Interaction between meander dynamics and floodplain heterogeneity in a large tropical sand-bed river: the Rio Beni, Bolivian Amazon
Schwendel, A.C.; Nicholas, A.P.; Aalto, R.E.; et al.Sambrook Smith, G.H.; Buckley, S.
Earth Surface Processes and Landforms
Wiley for British Society for Geomorphology
The evolution of meandering river floodplains is predominantly controlled by the interplay between overbank sedimentation and channel migration. The resulting spatial heterogeneity in floodplain deposits leads to variability in bank erodibility, which in turn influences channel migration and planform development. Despite the potential ...
The evolution of meandering river floodplains is predominantly controlled by the interplay between overbank sedimentation and channel migration. The resulting spatial heterogeneity in floodplain deposits leads to variability in bank erodibility, which in turn influences channel migration and planform development. Despite the potential significance of these feedbacks, few studies have quantified their impact upon channel evolution and floodplain construction in dynamic settings (e.g., locations characterized by rapid channel migration and high rates of overbank sedimentation). This study employs a combination of field observations, GIS analysis of satellite imagery and numerical modelling to investigate these issues along a 375 km reach of the Rio Beni in the Bolivian Amazon. Results demonstrate that the occurrence of clay-rich floodplain deposits promotes a significant reduction in channel migration rates and distinctive styles of channel evolution, including channel straightening and immobilisation of bend apices leading to channel narrowing. Clay bodies act as stable locations limiting the propagation of planform disturbances in both upstream and downstream directions, and operate as ‘hinge’ points, around which the channel migrates. Spatial variations in the erodibility of clay-rich floodplain material also promote large-scale (10-50 km) differences in channel sinuosity and migration, although these variables are also likely to be influenced by channel gradient and tectonic effects that are difficult to quantify. Numerical model results suggest that spatial heterogeneity in bank erodibility, driven by variable bank composition, may force a substantial (c. 30%) reduction in average channel sinuosity, compared to situations in which bank strength is spatially homogeneous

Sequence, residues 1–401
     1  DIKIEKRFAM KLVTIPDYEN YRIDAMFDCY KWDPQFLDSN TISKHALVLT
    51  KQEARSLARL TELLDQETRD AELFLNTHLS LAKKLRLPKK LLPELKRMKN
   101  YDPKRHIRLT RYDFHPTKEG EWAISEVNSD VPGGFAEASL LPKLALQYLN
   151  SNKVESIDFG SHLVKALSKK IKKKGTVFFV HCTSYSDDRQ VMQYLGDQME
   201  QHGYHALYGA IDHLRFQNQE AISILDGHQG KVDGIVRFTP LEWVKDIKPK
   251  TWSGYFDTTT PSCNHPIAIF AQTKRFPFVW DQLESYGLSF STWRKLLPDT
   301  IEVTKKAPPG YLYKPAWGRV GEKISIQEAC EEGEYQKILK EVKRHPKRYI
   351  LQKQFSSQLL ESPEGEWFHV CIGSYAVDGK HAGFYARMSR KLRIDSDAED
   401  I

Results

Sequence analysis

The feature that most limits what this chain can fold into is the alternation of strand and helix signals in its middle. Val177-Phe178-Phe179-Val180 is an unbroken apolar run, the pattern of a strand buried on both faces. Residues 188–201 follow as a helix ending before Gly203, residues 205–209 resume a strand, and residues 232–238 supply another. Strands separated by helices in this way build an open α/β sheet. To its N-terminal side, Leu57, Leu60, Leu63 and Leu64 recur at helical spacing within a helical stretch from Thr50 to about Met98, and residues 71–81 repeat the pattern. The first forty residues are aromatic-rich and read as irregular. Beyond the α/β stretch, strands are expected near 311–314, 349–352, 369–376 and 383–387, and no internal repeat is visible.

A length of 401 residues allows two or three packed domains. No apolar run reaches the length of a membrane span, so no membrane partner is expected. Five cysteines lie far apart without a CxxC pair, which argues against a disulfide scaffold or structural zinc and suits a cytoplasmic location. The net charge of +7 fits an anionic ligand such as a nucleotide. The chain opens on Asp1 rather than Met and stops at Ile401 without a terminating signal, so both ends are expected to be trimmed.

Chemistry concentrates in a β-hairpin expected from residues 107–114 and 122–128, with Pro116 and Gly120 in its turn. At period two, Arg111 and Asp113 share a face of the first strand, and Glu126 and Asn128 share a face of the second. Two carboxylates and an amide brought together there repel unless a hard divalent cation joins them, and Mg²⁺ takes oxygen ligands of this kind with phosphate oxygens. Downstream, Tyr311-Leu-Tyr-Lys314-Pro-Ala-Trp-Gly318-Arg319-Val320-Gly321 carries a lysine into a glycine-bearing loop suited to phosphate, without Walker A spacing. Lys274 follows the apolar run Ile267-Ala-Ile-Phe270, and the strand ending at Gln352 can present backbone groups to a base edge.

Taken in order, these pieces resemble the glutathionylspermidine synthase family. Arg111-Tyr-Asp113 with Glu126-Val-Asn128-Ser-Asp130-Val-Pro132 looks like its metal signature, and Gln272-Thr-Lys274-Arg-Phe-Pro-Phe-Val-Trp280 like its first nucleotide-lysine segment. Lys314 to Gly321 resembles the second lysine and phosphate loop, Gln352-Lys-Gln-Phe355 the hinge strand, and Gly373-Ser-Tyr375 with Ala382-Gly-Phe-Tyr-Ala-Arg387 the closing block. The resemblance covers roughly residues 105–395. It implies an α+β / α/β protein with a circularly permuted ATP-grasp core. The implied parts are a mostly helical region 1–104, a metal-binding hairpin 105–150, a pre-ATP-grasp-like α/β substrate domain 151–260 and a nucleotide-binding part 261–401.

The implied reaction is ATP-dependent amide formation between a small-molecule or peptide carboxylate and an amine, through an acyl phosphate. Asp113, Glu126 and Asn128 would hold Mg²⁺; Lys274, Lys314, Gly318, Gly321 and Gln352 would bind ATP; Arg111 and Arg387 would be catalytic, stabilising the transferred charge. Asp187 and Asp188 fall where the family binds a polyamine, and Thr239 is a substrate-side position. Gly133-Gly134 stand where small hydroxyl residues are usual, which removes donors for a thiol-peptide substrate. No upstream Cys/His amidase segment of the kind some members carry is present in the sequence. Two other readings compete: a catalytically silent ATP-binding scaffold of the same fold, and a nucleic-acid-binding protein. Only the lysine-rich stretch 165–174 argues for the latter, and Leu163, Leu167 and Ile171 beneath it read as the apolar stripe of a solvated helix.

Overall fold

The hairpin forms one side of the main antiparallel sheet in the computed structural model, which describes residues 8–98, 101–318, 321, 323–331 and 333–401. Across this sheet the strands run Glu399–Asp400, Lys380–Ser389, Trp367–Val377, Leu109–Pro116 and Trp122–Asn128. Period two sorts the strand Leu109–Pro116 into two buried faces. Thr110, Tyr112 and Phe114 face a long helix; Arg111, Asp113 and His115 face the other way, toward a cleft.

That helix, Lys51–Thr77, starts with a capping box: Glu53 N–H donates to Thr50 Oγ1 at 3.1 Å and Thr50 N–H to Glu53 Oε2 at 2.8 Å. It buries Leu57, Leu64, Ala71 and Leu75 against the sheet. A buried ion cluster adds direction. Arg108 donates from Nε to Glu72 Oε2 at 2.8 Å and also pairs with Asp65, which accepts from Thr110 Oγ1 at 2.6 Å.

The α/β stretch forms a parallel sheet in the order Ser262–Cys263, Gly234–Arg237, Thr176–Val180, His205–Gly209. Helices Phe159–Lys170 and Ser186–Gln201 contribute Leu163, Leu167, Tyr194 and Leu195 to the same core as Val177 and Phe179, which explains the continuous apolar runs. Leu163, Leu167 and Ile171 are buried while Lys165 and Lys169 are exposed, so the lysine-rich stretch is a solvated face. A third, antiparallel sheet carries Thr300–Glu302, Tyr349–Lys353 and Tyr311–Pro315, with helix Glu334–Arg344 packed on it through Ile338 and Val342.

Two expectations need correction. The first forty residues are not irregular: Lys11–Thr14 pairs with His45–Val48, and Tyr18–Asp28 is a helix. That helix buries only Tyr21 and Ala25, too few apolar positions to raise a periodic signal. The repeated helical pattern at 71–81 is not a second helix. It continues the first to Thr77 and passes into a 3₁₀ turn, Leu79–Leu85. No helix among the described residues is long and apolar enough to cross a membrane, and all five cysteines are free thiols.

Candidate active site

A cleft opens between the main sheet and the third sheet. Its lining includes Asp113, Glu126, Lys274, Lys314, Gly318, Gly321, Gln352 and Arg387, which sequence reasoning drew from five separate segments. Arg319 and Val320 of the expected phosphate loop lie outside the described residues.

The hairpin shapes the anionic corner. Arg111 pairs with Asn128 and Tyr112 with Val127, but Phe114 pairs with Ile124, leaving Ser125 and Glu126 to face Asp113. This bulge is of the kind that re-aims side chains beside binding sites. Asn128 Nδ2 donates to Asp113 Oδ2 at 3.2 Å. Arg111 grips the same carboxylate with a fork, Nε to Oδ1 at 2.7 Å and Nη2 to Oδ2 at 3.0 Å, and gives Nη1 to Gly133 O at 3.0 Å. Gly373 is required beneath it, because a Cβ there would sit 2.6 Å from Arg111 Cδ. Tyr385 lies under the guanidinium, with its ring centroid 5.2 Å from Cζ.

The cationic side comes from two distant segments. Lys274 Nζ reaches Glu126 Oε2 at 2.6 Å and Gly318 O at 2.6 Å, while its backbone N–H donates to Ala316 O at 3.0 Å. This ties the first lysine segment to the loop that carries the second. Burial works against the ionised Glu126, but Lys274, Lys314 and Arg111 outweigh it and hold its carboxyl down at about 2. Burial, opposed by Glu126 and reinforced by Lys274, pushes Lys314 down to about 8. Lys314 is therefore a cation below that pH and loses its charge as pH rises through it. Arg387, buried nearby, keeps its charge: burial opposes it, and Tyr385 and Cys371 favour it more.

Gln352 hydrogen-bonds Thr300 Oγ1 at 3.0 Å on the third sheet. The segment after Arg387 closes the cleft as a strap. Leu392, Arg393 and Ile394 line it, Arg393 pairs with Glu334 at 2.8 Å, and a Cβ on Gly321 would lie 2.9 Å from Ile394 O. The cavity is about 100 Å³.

College of Life and Environmental Sciences
Item views 0
Full item downloads 0